3 Comments

  1. > … challenge associated with understanding
    > radiation …

    Yes indeed. I don’t think I’ll ever understand it.

    The Grey represents the total energy deposited in a given mass of any material, and the Sievert modifies the Grey by way of a weighting factor to account for the absorptivity of a given material (skin vs. gonads, say, for purposes of biological effects) and type of radiation. So far so good?

    Where do they account for the amount of radioactive material, or its geometry?

    Should I be just as scared of a thimbleful of of that radioactive water as of a gallon?

    Should I be equally afraid of a gallon of the stuff in a small sump pit as of a gallon spread all over the floor?

    When they talk about radioactive water, they are really talking about the stuff _in_ the water, right? Stupid question: Is distillation not an option for cleaning up this water?

    Thanks Rod, and congratulation on the new site.

  2. To Rod, and others who are qualified to comment

    Perhaps you can use me as a proxy; like many who will come after me, I was agnostic regarding nuclear . . . prior to Fukushima; and still that way, but now seeking deeper understanding, and trying to intelligently discern science fact from propaganda. And I am cognizant of the fact that I am trying to compress into days an evaluation that for many of you has stretched to decades.

    I value what I read here for the honest discussion it seems to attract and the relative lack of thoughtless comments. In particular the gentleman with 20 years experience on Mark I’s (Jim?) has been extremely helpful in helping the determined layman understand some of the finer points, even though I suppose he hasn’t been met with consensus agreement from others here.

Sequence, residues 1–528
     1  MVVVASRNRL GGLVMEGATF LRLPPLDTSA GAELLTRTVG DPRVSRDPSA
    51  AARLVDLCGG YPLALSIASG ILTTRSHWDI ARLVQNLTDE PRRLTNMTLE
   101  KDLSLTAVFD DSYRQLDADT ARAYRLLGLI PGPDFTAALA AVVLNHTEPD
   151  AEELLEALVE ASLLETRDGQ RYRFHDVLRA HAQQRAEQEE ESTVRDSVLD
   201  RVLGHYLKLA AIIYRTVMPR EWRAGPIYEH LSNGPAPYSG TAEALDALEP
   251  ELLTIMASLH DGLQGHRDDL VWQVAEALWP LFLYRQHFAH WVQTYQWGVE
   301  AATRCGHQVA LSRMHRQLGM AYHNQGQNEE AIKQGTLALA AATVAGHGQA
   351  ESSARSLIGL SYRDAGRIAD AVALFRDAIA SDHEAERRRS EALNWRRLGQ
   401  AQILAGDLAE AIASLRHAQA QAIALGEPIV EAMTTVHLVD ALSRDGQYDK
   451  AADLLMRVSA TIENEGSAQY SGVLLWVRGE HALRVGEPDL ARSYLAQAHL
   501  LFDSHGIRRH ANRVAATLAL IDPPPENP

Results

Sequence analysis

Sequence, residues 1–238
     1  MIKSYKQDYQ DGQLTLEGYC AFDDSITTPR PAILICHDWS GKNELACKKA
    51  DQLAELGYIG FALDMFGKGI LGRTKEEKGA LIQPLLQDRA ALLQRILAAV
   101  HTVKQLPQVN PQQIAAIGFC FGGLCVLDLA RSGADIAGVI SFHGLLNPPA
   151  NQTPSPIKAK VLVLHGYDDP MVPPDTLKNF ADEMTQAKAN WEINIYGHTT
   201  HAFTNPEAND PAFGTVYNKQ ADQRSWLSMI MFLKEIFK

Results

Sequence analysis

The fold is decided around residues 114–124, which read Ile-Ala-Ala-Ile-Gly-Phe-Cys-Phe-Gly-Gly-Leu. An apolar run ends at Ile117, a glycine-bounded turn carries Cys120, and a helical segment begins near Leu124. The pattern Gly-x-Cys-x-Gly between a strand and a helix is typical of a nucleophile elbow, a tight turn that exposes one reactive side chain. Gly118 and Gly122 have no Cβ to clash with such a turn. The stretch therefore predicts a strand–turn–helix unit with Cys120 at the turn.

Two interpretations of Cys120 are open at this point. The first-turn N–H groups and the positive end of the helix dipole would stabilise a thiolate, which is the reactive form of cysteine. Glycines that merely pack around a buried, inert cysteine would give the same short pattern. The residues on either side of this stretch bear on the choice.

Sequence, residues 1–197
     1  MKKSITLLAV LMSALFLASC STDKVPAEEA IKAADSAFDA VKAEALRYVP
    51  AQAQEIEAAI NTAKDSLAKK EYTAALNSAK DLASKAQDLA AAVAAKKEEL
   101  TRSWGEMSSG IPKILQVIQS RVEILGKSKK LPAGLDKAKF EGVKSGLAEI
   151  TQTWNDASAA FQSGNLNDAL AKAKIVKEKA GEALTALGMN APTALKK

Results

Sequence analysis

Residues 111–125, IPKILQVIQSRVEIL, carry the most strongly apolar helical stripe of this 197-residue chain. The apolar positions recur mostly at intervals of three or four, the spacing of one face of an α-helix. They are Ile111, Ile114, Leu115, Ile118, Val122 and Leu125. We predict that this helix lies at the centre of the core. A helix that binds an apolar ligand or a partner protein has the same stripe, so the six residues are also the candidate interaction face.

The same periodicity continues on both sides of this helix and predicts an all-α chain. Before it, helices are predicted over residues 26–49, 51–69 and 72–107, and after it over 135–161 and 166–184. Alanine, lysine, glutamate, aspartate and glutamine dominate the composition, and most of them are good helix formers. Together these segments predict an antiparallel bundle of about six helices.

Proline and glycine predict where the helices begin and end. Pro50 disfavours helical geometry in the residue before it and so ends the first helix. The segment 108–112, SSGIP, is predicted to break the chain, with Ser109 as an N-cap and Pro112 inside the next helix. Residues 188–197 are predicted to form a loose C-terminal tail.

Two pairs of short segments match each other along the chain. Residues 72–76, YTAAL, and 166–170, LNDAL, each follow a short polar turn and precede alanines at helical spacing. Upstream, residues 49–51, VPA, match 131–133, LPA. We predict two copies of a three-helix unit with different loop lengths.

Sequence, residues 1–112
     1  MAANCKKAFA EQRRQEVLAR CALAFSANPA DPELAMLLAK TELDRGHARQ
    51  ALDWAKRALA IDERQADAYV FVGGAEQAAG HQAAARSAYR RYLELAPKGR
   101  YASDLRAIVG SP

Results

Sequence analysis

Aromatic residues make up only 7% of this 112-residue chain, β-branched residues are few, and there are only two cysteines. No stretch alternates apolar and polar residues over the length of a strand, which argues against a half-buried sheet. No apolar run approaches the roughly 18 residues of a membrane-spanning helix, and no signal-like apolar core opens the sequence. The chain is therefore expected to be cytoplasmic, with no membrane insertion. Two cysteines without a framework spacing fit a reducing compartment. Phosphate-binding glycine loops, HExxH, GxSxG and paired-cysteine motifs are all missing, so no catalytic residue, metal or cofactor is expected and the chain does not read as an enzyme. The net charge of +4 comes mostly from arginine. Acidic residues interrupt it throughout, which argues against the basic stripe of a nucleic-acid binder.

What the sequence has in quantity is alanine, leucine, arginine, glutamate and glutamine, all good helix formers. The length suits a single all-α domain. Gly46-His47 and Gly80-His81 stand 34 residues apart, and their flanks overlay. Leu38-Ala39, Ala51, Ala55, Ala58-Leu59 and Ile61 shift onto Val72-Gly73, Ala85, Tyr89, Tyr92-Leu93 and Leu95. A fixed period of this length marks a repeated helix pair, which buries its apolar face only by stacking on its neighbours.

I have a question that I can sense is polemic, and I ask it here in sincerity, and only because I respect the honest evaluations that have been given. What about the medical idea that has been forward, on internal radiation dangers, i.e. the supposed dangers of stray isotopes which become presented to us internally, either through breathing or ingestion? Obviously, with a little reading, one begins to sense that the whole debate of long-term safety may rest on affirming or defeating the sensibility of this proposition: it is the pivot of whether the tally from Chernobyl is 1M or else “many orders of magnitude” smaller.

    Being new to the literature, I can only see that some proponents of this view have credentials and some proper peer-reviewed studies. Although it is obvious that some, like Dr. Busby, seem to be somewhat scientific pariahs, and the balance of the literature discards their concerns. On the other hand, as a reasonable person I can’t help but notice that the IAEA would have a vested interest in downplaying such concerns, as long as they weren’t directly and unfailingly provable.

    In summary, what do you all think of these viewpoints? Again, being new to the literature, the theses behind their claims makes as much sense as low level external radiation being hormetic. If I defend nuclear power for further investment, what do I say regarding this, to those who raise such issues?

    Sincerely, Philip

    1. @Philip – thank you for the compliments regarding the reader base here at Atomic Insights. They really do make this site something that is far different from what it would be if there were no comments. The quality of the comments on many aspects of various issues make it worth working hard to start the conversation.

      With regard to the hazard of internal doses caused by ingestion of radioactive isotopes, there is a tremendous body of scientific research that should put your mind at ease. One group of people, women who were employed as painters for radium dial watches, have contributed, inadvertently, to our understanding of how very large internal doses can be very damaging. That same group has also helped researchers to understand what happens to people who are exposed at much lower levels. The answer is quite encouraging.

      Another group that has helped me to understand just how wrong people like Ralph Nader are when trying to scare people about plutonium is a group of former weapons manufacturing technicians who inadvertently breathed in plutonium dust particles when their protective equipment failed. That group is quite tiny – consisting of a couple of dozen subjects, but the I Pee Pu club was carefully monitored for many decades after their internal exposures occurred.

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